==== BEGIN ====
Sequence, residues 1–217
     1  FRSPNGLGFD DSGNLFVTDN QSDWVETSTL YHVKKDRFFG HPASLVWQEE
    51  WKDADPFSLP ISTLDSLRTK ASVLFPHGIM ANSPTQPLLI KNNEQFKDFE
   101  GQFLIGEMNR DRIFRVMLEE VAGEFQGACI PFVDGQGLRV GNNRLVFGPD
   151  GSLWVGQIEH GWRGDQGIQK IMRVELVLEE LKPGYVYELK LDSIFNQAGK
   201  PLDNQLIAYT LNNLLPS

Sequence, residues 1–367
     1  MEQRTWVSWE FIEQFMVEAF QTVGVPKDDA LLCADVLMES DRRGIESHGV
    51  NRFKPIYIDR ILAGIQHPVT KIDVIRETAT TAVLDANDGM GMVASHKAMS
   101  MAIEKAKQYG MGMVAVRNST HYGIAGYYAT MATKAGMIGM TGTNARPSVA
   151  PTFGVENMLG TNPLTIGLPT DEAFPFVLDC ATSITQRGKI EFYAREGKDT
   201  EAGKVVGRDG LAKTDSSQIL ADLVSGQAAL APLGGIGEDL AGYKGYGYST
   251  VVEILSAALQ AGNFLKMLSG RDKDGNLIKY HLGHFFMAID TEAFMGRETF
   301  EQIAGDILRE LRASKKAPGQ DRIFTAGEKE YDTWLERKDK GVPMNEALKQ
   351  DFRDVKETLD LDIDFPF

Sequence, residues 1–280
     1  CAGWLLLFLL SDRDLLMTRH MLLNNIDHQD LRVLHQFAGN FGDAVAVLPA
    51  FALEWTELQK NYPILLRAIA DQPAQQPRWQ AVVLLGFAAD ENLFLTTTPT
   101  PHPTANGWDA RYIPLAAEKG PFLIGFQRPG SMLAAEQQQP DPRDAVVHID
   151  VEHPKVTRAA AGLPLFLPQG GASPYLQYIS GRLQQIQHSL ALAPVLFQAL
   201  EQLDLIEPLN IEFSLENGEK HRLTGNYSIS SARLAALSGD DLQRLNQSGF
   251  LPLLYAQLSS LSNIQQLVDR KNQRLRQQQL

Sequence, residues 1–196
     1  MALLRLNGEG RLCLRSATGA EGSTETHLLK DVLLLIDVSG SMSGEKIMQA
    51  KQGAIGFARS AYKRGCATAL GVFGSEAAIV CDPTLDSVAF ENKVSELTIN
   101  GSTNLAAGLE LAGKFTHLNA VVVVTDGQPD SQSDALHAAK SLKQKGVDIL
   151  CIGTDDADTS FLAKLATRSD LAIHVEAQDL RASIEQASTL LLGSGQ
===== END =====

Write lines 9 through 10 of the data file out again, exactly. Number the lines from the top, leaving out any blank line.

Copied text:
    51  NRFKPIYIDR ILAGIQHPVT KIDVIRETAT TAVLDANDGM GMVASHKAMS
   101  MAIEKAKQYG MGMVAVRNST HYGIAGYYAT MATKAGMIGM TGTNARPSVA